Whereas acute reactions, such as pronounced spasm of the coronary arteries immediately after overdilatation with the risk of arrhythmia, are common in this animal model, no late reactions that may indicate thrombotic occlusion due to delayed healing were observed. In some experiments, histology revealed slightly increased inflammation in vessel segments treated with the paclitaxel-coated balloons compared to those treated with uncoated balloons and bare-metal stents; in other studies, no difference was found. Follow-up for up to 6 months revealed no increased inflammation or other signs of toxicity. Because the drug is administered by the balloon only during the short time of its inflation, and premounted bare-metal stents carry no polymeric coating, delayed adverse effects are not expected.
At the end of 2003, the first multicenter clinical trial was started to compare the efficacy and tolerance of the paclitaxel-coated balloon catheters with conventional uncoated catheters in 52 patients suffering from coronary in-stent restenosis after previous bare-metal stent implantation.4 Late lumen loss measured by angiography 6 months after treatment was selected as the primary endpoint. Although the number of patients enrolled was small, the study fulfilled quality requirements in respect of randomization, blinding, evaluation of angiograms by a central independent core lab, and clinical follow-up for 2 years. Shortly after all patients were enrolled, a second group of 56 separately randomized and evaluated patients was added to increase the probability of observing potential adverse events and to check the reproducibility of the results of the first trial.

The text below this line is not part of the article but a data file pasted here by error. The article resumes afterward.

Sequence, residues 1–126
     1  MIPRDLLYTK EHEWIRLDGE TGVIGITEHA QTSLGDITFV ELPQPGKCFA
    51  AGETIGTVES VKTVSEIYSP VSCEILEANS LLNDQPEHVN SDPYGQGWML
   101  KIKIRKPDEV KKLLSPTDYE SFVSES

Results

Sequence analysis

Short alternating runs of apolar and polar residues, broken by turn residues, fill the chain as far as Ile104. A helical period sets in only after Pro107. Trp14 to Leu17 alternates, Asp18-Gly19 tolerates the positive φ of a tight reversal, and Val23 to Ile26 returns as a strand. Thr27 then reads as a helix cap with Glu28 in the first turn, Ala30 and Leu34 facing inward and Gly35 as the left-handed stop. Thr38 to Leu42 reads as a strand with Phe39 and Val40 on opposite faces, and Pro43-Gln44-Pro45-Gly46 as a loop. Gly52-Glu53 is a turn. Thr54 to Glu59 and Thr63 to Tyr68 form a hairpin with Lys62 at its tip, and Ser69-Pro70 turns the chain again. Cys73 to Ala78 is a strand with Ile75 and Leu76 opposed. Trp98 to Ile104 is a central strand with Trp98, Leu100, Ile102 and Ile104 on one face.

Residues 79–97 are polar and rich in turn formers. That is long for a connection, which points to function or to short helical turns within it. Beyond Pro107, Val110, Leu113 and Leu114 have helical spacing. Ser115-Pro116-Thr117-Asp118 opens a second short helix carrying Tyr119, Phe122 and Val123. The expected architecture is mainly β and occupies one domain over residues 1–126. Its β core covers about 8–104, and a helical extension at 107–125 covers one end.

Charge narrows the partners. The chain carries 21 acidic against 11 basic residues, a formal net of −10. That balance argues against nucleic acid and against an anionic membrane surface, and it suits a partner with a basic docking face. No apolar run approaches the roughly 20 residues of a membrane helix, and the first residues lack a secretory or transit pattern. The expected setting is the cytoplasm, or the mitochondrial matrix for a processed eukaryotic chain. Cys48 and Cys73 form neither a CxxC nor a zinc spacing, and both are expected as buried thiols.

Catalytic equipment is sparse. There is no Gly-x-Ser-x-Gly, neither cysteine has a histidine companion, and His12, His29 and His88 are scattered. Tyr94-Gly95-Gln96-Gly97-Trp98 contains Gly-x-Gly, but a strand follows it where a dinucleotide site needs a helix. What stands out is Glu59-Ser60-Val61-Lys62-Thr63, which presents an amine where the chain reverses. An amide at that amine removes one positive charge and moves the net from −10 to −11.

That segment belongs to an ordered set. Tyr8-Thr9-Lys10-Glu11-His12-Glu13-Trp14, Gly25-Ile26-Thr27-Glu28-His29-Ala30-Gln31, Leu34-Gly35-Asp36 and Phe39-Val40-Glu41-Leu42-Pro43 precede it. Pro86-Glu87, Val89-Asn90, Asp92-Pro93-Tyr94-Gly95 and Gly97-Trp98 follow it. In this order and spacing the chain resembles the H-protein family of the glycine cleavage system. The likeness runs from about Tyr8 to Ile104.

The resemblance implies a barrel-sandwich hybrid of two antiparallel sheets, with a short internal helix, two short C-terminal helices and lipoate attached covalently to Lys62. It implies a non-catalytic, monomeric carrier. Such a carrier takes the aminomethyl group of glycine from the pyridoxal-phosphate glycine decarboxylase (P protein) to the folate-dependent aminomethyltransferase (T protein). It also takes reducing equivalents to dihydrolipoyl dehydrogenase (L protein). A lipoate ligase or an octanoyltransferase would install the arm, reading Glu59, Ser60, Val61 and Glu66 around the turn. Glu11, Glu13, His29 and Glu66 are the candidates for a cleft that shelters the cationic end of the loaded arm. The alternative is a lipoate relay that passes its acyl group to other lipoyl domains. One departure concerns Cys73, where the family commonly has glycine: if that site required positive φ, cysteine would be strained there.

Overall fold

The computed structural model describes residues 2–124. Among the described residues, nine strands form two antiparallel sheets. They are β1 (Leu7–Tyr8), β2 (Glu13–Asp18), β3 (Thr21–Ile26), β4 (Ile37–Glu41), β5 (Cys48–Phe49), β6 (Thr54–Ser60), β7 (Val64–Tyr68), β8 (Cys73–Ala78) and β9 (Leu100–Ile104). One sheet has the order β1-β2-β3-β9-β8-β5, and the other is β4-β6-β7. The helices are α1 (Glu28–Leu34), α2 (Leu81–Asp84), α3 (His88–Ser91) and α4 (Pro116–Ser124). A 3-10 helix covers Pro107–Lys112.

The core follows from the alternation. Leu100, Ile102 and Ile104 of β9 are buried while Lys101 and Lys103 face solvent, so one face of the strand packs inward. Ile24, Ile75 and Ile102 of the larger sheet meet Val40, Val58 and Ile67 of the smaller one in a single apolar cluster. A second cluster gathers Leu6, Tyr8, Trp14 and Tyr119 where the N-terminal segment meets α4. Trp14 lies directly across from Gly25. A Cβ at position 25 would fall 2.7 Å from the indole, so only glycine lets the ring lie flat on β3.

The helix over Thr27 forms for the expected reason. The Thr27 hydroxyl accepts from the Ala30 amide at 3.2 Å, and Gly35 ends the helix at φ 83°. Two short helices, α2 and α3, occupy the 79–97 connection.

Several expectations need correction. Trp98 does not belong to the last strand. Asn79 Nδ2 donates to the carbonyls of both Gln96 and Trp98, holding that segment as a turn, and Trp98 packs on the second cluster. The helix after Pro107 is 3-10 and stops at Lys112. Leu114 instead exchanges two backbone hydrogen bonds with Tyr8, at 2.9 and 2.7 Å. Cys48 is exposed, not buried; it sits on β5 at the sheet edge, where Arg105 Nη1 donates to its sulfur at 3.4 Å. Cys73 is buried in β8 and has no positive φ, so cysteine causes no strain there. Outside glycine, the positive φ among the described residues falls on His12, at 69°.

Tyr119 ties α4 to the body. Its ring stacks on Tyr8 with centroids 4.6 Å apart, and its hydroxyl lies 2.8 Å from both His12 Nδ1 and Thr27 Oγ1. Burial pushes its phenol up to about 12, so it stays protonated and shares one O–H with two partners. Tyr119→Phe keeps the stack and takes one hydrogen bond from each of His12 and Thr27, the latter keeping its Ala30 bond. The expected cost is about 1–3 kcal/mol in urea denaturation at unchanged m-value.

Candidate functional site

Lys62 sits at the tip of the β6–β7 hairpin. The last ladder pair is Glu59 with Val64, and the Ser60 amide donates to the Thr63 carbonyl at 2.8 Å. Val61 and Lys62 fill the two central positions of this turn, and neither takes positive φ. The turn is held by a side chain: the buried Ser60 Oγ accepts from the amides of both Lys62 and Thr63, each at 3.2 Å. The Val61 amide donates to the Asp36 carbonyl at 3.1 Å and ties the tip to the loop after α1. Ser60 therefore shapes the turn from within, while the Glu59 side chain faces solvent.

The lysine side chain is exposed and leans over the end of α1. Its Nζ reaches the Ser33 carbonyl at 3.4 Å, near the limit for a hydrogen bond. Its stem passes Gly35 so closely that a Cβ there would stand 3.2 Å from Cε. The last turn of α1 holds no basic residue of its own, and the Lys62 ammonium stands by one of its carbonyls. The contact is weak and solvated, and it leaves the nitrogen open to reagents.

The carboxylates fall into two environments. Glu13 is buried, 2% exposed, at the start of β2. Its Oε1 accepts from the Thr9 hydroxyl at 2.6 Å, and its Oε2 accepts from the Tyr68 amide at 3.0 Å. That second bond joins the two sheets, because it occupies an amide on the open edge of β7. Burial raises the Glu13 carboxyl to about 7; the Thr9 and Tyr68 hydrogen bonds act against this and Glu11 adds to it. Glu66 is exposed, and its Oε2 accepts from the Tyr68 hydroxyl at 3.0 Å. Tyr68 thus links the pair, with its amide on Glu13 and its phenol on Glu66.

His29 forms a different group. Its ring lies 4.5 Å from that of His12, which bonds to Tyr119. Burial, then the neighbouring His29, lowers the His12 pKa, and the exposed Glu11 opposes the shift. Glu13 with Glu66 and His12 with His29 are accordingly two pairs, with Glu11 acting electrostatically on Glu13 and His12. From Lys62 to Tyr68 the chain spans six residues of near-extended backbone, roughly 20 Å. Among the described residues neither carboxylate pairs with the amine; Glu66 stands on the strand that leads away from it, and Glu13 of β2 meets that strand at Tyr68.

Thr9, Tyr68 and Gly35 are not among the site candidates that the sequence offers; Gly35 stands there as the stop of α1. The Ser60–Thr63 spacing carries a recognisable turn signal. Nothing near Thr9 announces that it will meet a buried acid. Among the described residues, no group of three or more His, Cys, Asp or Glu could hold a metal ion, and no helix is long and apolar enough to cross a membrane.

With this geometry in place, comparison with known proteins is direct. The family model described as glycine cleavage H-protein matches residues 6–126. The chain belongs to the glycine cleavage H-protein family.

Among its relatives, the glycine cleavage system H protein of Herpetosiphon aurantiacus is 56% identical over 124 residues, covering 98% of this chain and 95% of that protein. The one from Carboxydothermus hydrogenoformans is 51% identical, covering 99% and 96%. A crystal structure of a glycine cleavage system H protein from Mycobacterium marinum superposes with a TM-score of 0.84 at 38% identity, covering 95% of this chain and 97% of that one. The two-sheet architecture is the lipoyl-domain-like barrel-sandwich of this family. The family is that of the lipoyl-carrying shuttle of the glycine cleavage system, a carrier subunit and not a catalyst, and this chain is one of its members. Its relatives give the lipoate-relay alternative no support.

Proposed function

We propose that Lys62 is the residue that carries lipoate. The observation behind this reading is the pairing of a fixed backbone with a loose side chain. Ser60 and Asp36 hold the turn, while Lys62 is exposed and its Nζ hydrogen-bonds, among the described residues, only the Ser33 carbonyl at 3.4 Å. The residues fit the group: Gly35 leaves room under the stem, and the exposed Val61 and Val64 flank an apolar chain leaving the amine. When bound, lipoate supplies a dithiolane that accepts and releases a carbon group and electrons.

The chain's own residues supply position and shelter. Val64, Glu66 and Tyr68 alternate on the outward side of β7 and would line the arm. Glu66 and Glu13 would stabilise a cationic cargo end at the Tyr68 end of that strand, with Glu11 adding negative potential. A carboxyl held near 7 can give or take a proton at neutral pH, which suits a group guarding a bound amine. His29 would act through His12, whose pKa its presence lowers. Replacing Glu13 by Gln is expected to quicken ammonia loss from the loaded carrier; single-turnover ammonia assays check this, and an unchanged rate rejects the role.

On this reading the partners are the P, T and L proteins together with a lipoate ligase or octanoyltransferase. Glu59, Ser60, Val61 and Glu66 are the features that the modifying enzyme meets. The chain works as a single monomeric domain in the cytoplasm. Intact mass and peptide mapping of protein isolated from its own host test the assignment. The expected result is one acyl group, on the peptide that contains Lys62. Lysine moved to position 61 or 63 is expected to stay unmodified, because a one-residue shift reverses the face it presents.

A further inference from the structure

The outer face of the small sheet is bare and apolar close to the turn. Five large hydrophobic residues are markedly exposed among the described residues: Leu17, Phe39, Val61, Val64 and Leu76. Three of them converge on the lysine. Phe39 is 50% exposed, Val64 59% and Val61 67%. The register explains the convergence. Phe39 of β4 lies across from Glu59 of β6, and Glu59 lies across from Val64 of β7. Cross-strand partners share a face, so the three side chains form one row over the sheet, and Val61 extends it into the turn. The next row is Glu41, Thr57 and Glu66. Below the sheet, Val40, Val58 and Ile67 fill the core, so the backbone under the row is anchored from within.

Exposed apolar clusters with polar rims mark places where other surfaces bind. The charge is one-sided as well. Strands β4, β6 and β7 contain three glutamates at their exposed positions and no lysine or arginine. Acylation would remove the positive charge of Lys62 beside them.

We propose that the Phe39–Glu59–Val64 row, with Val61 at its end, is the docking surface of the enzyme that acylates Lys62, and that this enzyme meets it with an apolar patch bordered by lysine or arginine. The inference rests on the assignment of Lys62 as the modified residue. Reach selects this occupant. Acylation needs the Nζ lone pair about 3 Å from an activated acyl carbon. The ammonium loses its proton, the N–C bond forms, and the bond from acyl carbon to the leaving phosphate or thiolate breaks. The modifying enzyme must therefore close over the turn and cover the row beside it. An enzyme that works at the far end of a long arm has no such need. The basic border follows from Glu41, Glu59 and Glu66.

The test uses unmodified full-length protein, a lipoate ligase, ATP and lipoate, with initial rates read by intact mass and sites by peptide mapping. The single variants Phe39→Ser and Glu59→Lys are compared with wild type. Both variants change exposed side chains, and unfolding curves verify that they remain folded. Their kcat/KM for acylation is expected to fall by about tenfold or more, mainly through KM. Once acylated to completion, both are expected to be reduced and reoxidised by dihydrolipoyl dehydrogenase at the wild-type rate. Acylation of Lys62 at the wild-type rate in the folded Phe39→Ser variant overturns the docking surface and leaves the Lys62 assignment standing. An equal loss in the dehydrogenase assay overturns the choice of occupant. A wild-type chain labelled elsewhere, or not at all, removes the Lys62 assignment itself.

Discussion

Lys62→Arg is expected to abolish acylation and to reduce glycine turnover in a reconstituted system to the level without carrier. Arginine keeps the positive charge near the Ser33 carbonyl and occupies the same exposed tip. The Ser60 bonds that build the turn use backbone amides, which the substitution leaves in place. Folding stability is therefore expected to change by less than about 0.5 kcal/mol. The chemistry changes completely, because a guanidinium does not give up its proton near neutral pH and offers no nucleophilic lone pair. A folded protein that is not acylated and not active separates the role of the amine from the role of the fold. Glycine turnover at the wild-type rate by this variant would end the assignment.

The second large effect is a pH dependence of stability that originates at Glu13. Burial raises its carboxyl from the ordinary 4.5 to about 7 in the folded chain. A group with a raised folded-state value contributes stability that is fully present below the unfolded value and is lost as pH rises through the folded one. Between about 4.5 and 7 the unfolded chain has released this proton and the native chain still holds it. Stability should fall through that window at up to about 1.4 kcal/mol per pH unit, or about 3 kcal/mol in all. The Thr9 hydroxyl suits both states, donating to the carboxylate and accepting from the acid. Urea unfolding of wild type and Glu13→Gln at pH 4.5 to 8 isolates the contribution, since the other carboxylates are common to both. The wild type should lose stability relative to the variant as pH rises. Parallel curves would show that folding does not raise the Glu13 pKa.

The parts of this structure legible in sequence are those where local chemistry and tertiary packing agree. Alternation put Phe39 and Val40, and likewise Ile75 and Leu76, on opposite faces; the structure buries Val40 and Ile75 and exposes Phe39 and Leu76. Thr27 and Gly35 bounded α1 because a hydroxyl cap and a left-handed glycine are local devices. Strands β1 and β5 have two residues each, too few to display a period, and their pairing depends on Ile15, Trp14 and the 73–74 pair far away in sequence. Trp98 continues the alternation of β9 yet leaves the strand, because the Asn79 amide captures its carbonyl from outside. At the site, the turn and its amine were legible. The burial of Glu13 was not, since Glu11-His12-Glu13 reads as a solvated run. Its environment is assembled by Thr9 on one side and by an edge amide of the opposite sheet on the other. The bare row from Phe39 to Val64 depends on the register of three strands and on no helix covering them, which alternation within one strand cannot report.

The main results of both trials were almost identical (Table 2). Compared to the patients treated with the uncoated balloon, a statistically significant and much lower late lumen loss, fewer reinterventions, and an overall reduced rate of adverse cardiac events were observed in the patients treated with the coated balloon. The benefit in respect of target lesion revascularizations and major adverse cardiac events persisted until the end of the observation period 2 years after the initial treatment.5 A differently coated balloon was tested with good acute results in bifurcation lesions;6 efficacy data are expected to be reported soon.